This... I need to make a video on why buying an ERP is almost never the right answer. Almost every customer that we have that we manage an ERP for is sorry that they didn't spend the same (or less) money building something that they could control and customize.

    I'd like to see that video. I've never heard of a company being sorry in the way you describe. I'd be interested to know why your customers feel like this.

    I don't know how you could possibly build something for less - developing an ERP system from scratch is a massive expense. I think it would be ridiculous to even think about it.

    I'll add that to the video list 🙂 But the fast economic basics are that off the shelf ERPs typically require a staggering amount of customization at rates that normally exceed bespoke development (meaning per hour cost is higher because it's neither fun nor rewarding nor using good tools) and COTS ERPs are normally bloating with tons of unneeded components that most customers will never need. And making a bespoke system means ground up design for the needs of the customer, lower development costs, and only making what is needed.

    So your thought that an ERP would be staggering to make.. I totally agree. But what gives the bespoke approach a chance is that they tend to only need to remake maybe 20% of what goes into a standard ERP. Every customer needs a different 20%, of course, that's why there isn't one ERP to rule them all.

    This is why many ERP vendors only have a handful of customers. Every little industry has a bunch of specialty ERP players that have just a few customers and yet still make money.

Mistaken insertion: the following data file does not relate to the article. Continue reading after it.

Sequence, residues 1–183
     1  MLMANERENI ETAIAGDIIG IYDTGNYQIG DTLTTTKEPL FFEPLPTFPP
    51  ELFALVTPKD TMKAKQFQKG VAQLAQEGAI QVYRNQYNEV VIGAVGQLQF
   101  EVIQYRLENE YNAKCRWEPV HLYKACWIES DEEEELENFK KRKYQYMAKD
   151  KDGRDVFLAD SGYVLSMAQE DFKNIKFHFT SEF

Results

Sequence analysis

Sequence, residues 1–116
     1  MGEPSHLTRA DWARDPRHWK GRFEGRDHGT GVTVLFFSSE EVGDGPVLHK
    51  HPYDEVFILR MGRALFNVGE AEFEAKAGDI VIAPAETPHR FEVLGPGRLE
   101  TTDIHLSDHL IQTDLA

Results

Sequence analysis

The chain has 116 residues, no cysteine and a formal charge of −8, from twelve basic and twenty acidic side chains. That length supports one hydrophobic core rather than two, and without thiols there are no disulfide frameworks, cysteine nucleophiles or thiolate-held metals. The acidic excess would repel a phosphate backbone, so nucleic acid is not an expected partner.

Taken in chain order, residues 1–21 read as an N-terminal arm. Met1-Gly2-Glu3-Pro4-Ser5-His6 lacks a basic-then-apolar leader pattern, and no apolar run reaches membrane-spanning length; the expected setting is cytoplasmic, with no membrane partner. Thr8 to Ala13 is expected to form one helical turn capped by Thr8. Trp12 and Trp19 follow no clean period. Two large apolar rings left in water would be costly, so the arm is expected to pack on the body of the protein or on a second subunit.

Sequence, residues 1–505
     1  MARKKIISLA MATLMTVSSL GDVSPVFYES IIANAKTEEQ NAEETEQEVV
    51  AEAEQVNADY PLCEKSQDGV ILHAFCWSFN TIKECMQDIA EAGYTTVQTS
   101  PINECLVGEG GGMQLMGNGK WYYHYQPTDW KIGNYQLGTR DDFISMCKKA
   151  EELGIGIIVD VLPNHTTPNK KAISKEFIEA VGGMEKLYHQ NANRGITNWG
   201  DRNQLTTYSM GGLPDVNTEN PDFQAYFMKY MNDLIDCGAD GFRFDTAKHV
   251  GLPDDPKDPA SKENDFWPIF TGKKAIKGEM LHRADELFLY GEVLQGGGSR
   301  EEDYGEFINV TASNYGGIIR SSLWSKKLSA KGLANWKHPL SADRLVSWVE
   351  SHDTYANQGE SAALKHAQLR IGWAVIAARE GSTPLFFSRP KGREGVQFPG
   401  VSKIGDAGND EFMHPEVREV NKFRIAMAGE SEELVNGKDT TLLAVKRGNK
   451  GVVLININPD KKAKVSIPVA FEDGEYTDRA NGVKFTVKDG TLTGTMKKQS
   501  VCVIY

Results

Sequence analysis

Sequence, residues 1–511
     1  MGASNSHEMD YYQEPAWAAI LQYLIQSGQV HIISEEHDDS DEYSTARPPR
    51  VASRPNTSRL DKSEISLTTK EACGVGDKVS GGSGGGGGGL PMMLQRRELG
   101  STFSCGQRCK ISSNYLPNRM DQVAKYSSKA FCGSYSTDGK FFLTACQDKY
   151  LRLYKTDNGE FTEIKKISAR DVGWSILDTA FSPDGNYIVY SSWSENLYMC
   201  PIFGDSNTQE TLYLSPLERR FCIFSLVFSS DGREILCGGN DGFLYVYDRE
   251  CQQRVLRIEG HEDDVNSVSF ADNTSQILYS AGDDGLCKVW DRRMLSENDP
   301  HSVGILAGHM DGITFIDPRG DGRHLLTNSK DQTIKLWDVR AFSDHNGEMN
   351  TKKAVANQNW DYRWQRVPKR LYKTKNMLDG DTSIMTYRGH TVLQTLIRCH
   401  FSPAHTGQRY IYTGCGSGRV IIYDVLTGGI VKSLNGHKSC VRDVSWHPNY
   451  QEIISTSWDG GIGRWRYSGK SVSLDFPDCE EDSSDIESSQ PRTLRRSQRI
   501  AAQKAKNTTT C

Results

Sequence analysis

I'll also add to that a lot of companies still have a "standard" ERP but have other systems that ties into the ERP. For instance a manufacturer may use SAP as their ERP and they might plan their production in SAP but actually executing and keeping track of the production is not done in SAP and they'll use their own custom made solution for that.

    PS. I wrote "standard" ERP above because in the case of the typical SAP clients the ERP is usually heavily customized. Every company buys into the solution thinking they only need some "minor" customization but 10 years and lots of $$$$$ later, they realize that's not the case.



  • @Pete-S yeah.... the ERP tends to have so many hidden costs...

    • Up front cost of the base ERP, typically a sticker-shock level cost
    • Then years of customization at very high cost
    • Then hidden fees everywhere for required, but not included, components (SQL Server?)
    • Often use fees (per user, per core, etc.)
    • Then redevelopment cost every time the underlying system changes
    • Higher than needed IT costs due to unnecessary complexity.

    It just never ends. Every time they turn around, there's another cost.



  • @scottalanmiller
    But you've got those costs regardless? You need to maintain a bespoke ERP and constantly develop it due to changes in technology, legislation, business needs etc.

    SaaS provides more certainty and ease of admin. Microsoft Dynamics BC, for example, is $100 per month per user and for that you get a new version of the software every month and no worries and all the benefits of SaaS.



  • So I understand you, you're talking about designing and developing a bespoke ERP system in-house? So general ledger, receivables, payables, purchasing, sales, inventory, manufacturing? From scratch?